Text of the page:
Clashes erupted between police and protesters in Greece on Wednesday, as citizens took to the streets to demonstrate against fresh austerity measures. The country also was brought to a virtual halt by a general strike.
It was planned as a peaceful protest, but within hours tension had risen on the streets of Athens. In dramatic scenes near parliament, police fired tear gas at hooded demonstrators, who were throwing stones and petrol bombs.
About 50,000 people took to the streets, banging drums and shouting slogans against austerity measures they say are bringing Greek people to their knees.
It is the first major public demonstration since a new coalition government, led by Prime Minister Antonis Samaras, was elected three months ago on a pro-euro, pro-bailout platform. Demonstrators wanted to show the new government they have had enough of the cuts.
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Alexis Tsipras is leader of the opposition Leftist party Syriza. He said that if the coalition government of Samaras cannot protect the rights of Greek society, and accepts and co-signs the "barbaric measures" that are leading to a "Greek holocaust," then it is up to the "voice of the Greek people."
The street protest was coupled with a general strike called by the two biggest unions, which represent about half the work force. A three-hour walkout by air traffic controllers disrupted flights around the country. Shop keepers pulled down their shutters and locked up for the afternoon, and museums and monuments closed their doors.
King’s College London lecturer Ramon Pacheco Pardo is an expert on Greece. He said, “The strike is probably one of the most important ones we have had since the beginning of the crisis, since it is attempting to bring together all the different groups that are against the government cuts and actually want a new debate on whether Greece, first of all, should keep the euro, but also whether the cuts are the best way forward in the country.”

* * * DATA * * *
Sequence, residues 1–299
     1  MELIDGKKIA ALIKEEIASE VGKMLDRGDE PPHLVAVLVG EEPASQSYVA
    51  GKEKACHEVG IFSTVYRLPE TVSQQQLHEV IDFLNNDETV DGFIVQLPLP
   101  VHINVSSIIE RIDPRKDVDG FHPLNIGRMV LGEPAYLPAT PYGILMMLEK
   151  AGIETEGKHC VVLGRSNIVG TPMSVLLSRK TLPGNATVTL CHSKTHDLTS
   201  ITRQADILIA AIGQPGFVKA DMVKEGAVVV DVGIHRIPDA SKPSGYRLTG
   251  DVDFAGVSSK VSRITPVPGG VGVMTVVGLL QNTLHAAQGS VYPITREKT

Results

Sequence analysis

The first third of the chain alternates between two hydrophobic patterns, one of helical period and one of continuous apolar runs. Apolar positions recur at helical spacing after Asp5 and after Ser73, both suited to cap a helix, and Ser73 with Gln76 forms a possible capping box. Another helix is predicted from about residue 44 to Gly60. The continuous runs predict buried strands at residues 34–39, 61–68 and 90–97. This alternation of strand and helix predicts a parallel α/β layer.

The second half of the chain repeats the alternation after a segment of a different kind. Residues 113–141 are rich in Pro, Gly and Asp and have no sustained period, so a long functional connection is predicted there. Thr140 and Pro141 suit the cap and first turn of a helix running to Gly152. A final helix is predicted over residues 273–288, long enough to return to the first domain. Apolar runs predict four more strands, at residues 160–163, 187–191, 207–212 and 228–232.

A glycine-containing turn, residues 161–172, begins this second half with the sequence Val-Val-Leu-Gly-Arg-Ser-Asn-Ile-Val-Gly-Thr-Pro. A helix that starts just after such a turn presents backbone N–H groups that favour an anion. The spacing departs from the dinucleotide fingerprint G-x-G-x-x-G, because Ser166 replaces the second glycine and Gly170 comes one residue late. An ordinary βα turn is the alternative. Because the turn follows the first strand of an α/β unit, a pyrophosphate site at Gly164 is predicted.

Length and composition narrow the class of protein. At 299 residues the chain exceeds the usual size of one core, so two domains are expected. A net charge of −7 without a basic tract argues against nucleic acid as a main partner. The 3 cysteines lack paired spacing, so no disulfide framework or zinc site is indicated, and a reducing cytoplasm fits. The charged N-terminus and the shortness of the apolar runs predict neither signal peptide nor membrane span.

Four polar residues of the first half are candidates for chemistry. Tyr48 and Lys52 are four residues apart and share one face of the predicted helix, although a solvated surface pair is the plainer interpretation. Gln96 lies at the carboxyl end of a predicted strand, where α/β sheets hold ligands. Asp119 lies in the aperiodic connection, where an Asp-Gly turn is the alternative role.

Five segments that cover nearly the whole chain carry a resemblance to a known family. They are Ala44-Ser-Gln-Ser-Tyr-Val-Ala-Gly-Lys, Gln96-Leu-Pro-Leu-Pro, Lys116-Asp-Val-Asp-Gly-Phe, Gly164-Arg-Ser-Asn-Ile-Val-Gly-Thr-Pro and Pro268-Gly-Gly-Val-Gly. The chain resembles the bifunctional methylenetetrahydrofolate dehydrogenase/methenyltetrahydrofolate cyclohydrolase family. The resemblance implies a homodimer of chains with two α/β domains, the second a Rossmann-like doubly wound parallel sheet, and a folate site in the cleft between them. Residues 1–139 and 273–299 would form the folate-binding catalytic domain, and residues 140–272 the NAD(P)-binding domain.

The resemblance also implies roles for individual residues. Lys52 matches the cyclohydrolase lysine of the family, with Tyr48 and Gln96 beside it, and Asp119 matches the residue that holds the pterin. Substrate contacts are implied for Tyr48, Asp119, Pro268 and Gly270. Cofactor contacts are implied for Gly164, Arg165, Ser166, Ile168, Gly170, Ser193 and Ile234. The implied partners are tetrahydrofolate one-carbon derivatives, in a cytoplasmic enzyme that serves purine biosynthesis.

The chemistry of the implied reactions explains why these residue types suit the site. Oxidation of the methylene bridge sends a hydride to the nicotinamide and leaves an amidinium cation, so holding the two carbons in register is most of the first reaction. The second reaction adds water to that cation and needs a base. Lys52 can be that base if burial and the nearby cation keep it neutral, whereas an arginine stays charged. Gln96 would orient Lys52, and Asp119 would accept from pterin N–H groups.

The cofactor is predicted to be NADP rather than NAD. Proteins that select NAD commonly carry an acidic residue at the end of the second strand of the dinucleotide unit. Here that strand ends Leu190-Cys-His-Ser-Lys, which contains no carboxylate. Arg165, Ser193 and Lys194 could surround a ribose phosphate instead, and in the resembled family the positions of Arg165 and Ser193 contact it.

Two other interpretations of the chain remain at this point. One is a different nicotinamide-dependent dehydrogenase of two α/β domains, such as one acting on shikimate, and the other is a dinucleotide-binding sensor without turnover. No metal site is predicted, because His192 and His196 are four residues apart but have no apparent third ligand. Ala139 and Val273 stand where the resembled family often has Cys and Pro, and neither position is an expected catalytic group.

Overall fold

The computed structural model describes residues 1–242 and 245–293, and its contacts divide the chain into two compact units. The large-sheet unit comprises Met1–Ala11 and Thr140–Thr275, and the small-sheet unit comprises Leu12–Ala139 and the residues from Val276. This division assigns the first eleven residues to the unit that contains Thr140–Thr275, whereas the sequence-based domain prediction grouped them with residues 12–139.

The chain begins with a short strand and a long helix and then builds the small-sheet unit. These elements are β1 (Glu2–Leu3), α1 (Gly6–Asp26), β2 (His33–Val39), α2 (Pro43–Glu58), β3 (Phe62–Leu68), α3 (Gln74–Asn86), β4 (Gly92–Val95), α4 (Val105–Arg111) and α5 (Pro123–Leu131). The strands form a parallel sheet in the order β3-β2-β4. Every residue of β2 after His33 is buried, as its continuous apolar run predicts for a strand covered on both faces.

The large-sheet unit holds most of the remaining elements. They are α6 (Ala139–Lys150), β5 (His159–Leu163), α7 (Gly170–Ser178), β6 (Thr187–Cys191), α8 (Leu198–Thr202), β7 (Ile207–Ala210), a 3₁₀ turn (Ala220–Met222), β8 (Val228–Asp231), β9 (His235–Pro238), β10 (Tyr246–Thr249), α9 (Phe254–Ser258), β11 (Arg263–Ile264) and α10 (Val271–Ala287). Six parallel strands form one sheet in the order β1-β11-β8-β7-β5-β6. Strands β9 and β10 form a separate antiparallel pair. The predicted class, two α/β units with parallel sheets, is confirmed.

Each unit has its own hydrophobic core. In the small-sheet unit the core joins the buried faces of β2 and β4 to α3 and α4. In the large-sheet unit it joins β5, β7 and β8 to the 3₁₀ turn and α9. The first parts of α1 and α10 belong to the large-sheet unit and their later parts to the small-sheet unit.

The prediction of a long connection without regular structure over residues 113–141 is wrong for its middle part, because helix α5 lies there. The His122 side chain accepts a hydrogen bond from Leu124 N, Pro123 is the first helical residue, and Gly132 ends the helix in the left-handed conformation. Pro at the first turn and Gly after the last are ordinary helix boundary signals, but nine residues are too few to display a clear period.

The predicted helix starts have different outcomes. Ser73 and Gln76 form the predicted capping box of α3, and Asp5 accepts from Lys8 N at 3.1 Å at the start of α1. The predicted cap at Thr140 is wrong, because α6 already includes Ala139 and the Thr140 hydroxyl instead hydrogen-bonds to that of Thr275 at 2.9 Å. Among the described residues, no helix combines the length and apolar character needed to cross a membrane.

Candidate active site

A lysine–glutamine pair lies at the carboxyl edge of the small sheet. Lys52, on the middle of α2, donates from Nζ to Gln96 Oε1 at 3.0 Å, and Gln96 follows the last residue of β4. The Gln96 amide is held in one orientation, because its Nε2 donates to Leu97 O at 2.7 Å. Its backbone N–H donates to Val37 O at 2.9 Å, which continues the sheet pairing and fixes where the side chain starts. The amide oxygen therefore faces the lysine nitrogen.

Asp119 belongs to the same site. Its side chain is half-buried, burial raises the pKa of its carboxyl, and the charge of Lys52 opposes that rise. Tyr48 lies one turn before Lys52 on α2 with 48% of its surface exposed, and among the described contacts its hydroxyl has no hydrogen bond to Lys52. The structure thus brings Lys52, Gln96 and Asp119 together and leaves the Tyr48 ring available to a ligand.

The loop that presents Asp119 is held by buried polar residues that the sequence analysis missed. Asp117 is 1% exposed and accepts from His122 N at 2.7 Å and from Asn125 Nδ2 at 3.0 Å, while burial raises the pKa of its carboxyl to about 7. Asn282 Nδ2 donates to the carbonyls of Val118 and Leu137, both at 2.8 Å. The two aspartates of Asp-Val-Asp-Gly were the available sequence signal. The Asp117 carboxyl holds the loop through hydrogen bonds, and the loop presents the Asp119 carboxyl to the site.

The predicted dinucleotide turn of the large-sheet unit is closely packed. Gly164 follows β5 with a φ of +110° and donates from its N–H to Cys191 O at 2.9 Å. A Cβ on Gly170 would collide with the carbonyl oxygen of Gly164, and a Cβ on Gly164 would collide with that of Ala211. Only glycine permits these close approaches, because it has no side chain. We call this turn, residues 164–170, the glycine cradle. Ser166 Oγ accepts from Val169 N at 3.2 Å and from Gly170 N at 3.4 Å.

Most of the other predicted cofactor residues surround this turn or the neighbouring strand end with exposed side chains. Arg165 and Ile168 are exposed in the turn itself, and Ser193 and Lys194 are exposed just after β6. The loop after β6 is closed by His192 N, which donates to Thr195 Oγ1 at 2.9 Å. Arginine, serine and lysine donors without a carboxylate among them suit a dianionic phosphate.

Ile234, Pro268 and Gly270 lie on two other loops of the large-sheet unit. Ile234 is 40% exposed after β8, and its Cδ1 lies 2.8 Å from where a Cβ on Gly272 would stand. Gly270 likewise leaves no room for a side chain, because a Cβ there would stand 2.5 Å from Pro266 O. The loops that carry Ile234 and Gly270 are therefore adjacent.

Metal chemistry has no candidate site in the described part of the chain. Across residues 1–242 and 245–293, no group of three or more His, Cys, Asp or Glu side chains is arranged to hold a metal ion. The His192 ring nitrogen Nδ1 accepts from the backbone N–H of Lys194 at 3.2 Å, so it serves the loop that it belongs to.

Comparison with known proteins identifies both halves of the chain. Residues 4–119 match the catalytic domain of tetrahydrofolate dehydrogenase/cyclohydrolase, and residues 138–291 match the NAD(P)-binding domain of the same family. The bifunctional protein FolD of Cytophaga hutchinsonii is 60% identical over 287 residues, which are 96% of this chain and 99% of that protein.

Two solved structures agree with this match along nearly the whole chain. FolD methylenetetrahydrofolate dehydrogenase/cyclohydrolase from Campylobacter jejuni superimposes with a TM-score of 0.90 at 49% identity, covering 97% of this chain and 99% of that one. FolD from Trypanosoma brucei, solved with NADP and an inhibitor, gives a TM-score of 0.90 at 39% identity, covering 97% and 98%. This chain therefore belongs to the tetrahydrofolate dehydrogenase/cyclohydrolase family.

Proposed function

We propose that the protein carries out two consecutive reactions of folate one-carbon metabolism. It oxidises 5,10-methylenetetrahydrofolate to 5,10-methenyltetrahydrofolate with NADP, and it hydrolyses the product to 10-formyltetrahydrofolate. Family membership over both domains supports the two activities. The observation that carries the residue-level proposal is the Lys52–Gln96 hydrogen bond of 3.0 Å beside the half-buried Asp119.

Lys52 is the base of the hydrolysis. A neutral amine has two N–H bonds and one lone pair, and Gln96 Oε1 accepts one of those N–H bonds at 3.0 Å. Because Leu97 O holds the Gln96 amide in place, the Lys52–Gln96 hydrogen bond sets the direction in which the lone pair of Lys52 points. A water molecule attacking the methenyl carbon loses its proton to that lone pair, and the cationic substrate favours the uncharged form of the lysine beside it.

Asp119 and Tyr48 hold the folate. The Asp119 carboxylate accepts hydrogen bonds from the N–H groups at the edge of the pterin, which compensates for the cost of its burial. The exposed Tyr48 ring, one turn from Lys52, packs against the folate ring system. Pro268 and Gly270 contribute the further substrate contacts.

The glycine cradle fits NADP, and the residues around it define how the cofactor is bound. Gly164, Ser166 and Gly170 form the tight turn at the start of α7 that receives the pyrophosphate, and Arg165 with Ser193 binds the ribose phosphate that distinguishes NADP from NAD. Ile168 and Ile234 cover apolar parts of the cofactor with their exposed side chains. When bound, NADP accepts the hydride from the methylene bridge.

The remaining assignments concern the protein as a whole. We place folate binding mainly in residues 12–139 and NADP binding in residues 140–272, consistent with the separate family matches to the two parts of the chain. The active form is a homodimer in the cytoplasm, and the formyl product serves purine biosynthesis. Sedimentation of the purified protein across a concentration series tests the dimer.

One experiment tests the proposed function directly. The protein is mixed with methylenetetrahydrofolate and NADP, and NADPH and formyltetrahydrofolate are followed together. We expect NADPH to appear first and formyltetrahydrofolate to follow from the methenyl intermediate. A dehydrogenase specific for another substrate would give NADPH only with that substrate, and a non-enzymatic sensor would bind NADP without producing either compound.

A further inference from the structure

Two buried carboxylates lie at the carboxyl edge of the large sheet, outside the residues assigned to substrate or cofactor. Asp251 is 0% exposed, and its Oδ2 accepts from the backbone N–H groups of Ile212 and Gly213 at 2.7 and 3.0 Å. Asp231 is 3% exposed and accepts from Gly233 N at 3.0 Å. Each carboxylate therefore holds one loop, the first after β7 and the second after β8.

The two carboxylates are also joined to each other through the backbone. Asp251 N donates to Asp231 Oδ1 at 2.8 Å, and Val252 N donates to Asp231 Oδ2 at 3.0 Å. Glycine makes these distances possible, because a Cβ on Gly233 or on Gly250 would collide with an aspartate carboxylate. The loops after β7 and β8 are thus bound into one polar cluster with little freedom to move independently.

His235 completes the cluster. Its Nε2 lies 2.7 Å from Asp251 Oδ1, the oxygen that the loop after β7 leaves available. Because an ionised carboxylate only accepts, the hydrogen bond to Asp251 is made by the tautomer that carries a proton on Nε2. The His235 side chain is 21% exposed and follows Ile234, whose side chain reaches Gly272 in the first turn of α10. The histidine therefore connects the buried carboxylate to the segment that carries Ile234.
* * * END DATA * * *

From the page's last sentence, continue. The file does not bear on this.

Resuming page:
Strikers are rallying against a new agreement being drafted by the Greek government that would wipe $15 billion from spending, mostly by cutting wages, pensions and benefits.
But while the Greek government is hemmed in by public unrest on one side, on the other, international lenders that have been propping up the Greek economy since 2010, are also putting on pressure. The new cuts are needed to persuade the lenders to release $40 billion in financial aid that Greece needs to avoid defaulting on its debt.
London School of Economics lecturer Spyros Economides said it is the first real test to see if Samaras can push ahead with austerity in the face of widespread discontent.
“What happens is that if the pressure becomes immense, then there would be a call for new elections. And then those elections could potentially lead to a new government, perhaps one led by the current major opposition party, who have said quite categorically that if we come to power, we will leave the Eurozone and we will return to the [Greek] drachma, which in my opinion is the biggest possible catastrophe for Greece right now,” said Economides.
The government has a difficult path to navigate, he said, between its citizens and its lenders.
“In the last two years we have seen in Greece that there have been moments in which these very peaceful and legitimate democratic strike actions have been hijacked by a small group of people and become very violent, and that is really disturbing," said Economides. "Then I think you will see a different kind of reaction, because then the uncertainty becomes one of not only what do these strikes mean, but could they spill over into a broader civil unrest, which could destroy the whole possibility of Greece coming out of this in a few years’ time as a normal European state.”
And that could be a worry, he said, with Wednesday’s strike only the first of many likely to take place in the coming months.
Photogallery of strikes in Greece